STAR TREK: DISCOVERY – Episode 3 Review

By M. Pilon

Preamble – finally something worthy of our attention

Last week, after getting over my disappointment (more on that below) at realizing that this story is not dealing with two women of colour in command of a star ship, but that this highly-touted scenario was mainly used as a staging platform for the real story, I came across something called Star Trek: Discovery Season 1 Trailer. What brain-dead moron decided that this iteration needed a prequel.

Here’s the thing CBS. All you had to do to ensure a mad dash to your streaming service by everyone even remotely interested in Star Trek was to show this trailer right from the start and not say another word. The fans would have been busy discussing THE STORY and not be tripped at every turn by your hopefully-unintentional miss-directions, miss-steps and back-pedaling with the resulting polemic and division that left so many people with a bad taste in their mouth if not outright antipathy towards this iteration. We were delivered a master class on how NOT to handle a launch that should have been a no-brainer! And it would have spared me the above-mentioned disappointment.

Where the premiere should have started
Where the premiere should have started

Those decision makers should have taken a lesson from The Vulcan Hello – hit ‘em with the best you’ve got right from the start and you’ve got ‘em. Instead we got a trickle of mostly nonsensical and/or outright misleading stuff (region locked to boot) which got a lot of fans on the warpath instead of on the path to promoting this series within their circles and purchasing the streaming service in places that were not lucky enough to get it on Space (Canada) or Netflix (everywhere but USA and Canada).

And to divide the world this way is doubly ludicrous. Star Trek is about one world – the Earth. You, CBS, could have boldly and truly gone where no one had gone before (excluding Dr. Who) and streamed it to the world at the same time on the same platform in its entirety. Seriously, when will commercial and corporate entities realize that, even though their antiquated financial structures, capitalist mindsets and corporate greed can’t handle it, we are already one borderless world. And to ask potential viewers to pay for yet another separate streaming service, to watch a show that should be about one united planet where money has been made redundant is, at best, profoundly ironic.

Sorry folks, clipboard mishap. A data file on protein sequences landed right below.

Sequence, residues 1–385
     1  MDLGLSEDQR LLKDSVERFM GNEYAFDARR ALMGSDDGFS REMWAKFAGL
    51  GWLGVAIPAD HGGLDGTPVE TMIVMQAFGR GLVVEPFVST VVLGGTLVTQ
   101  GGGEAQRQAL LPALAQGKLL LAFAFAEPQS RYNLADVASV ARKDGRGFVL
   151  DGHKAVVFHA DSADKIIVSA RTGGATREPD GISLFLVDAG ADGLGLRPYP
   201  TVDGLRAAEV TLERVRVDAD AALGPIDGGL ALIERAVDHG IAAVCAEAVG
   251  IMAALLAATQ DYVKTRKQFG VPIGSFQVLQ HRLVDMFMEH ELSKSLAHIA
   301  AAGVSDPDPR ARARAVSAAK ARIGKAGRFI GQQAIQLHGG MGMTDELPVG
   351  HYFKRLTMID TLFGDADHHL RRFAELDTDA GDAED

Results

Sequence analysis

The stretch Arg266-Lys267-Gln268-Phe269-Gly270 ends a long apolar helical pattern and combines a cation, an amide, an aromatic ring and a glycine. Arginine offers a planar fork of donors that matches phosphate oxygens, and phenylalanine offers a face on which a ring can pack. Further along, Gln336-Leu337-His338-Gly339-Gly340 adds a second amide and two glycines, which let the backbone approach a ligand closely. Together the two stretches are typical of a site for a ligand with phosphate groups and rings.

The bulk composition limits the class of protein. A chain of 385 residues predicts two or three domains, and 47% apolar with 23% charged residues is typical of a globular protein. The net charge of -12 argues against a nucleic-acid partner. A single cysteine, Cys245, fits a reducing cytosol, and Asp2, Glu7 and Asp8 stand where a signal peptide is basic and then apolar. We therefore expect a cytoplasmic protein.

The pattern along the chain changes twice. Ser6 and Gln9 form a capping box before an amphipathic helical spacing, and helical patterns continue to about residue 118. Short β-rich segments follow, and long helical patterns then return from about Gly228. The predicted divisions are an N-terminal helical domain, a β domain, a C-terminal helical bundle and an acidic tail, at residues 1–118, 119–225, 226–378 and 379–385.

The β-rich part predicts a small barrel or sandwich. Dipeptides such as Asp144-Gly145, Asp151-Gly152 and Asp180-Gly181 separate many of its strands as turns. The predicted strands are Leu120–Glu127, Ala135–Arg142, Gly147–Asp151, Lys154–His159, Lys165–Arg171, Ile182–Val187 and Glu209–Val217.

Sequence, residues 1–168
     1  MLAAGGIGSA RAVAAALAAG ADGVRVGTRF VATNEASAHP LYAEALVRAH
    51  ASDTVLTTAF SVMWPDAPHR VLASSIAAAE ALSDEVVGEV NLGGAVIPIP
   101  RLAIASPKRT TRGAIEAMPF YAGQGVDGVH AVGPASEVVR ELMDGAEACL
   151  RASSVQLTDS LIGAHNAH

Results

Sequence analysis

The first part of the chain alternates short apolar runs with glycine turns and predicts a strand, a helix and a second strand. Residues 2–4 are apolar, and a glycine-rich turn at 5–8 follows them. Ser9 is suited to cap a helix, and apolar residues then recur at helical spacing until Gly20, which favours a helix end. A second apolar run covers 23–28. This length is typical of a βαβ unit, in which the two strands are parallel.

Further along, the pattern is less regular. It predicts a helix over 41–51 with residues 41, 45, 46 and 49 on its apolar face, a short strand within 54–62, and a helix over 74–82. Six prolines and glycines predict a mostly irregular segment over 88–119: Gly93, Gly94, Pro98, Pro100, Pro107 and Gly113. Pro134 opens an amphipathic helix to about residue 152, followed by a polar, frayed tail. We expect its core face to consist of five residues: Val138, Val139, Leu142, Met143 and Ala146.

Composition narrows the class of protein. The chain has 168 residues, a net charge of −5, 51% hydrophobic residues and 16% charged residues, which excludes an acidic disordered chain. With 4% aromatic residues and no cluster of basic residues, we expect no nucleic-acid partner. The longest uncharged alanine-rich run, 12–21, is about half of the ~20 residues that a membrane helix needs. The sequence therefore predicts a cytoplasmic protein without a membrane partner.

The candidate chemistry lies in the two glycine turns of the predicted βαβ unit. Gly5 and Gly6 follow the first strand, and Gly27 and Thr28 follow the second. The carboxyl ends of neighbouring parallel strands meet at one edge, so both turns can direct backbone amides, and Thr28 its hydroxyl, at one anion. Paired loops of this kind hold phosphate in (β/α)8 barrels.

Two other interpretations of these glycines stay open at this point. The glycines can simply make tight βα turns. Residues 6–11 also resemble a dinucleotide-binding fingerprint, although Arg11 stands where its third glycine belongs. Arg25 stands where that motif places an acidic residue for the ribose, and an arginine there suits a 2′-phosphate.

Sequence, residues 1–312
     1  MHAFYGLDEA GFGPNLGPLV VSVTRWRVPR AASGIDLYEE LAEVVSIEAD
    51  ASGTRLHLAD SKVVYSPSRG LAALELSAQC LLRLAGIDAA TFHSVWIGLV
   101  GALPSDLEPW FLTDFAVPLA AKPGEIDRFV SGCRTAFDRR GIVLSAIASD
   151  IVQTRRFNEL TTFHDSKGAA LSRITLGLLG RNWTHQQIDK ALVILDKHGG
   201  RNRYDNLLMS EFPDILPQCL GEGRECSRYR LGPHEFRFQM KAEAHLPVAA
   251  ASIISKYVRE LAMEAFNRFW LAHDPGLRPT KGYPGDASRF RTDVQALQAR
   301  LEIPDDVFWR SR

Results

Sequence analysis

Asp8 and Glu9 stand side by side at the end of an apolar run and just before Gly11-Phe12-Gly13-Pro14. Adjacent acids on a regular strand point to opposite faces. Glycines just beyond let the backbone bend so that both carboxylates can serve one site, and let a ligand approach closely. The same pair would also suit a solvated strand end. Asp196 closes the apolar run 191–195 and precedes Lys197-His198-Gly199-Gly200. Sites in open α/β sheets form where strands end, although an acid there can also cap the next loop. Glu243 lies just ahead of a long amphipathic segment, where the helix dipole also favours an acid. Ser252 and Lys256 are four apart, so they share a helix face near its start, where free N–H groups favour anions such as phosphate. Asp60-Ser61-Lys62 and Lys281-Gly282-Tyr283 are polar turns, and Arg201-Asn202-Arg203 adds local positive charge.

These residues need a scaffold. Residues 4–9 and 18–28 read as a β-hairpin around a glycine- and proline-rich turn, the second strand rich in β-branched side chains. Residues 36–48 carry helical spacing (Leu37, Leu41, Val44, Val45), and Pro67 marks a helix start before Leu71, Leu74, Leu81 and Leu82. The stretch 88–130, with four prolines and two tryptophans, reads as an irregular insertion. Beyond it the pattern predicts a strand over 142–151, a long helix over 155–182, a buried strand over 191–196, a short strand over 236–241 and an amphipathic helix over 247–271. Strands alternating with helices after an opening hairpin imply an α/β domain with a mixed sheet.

Context Is For Kings…

…and for the rest of us who are not royals, it’s the Charge of the Light Brigade – “Theirs not to reason why, theirs but to do and die.” And I have to admit that, as I started to watch this episode, I was still seething from the fallout of Episodes 1 and 2 so I was subconsciously set to find fault with Episode 3.

Well, OK, there were some serious problems – one of them being Captain Lorca’s mumbling delivery of his lines with his Southern draaawl, y’all. I’m going to have to watch this episode a few times to catch all the dialogue, though I had no problem with anyone else’s delivery. The other being that extensive parts of this episode bore more of a semblance to a reboot of Doom – the Movie, than a reboot of Star Trek, with some of the dialogue sequences feeling like glitzy cut scenes within an online FPS.

First Officer Saru
First Officer Saru

I’m still not buying Saru as a First Officer and, from his conduct on the Shenzhou, I absolutely didn’t buy him as a First Officer that would have been picked by Lorca. His cruel putdown of Burnham was totally unnecessary and downright mean and bullying in a passive-aggressive way. Not endearing himself to me.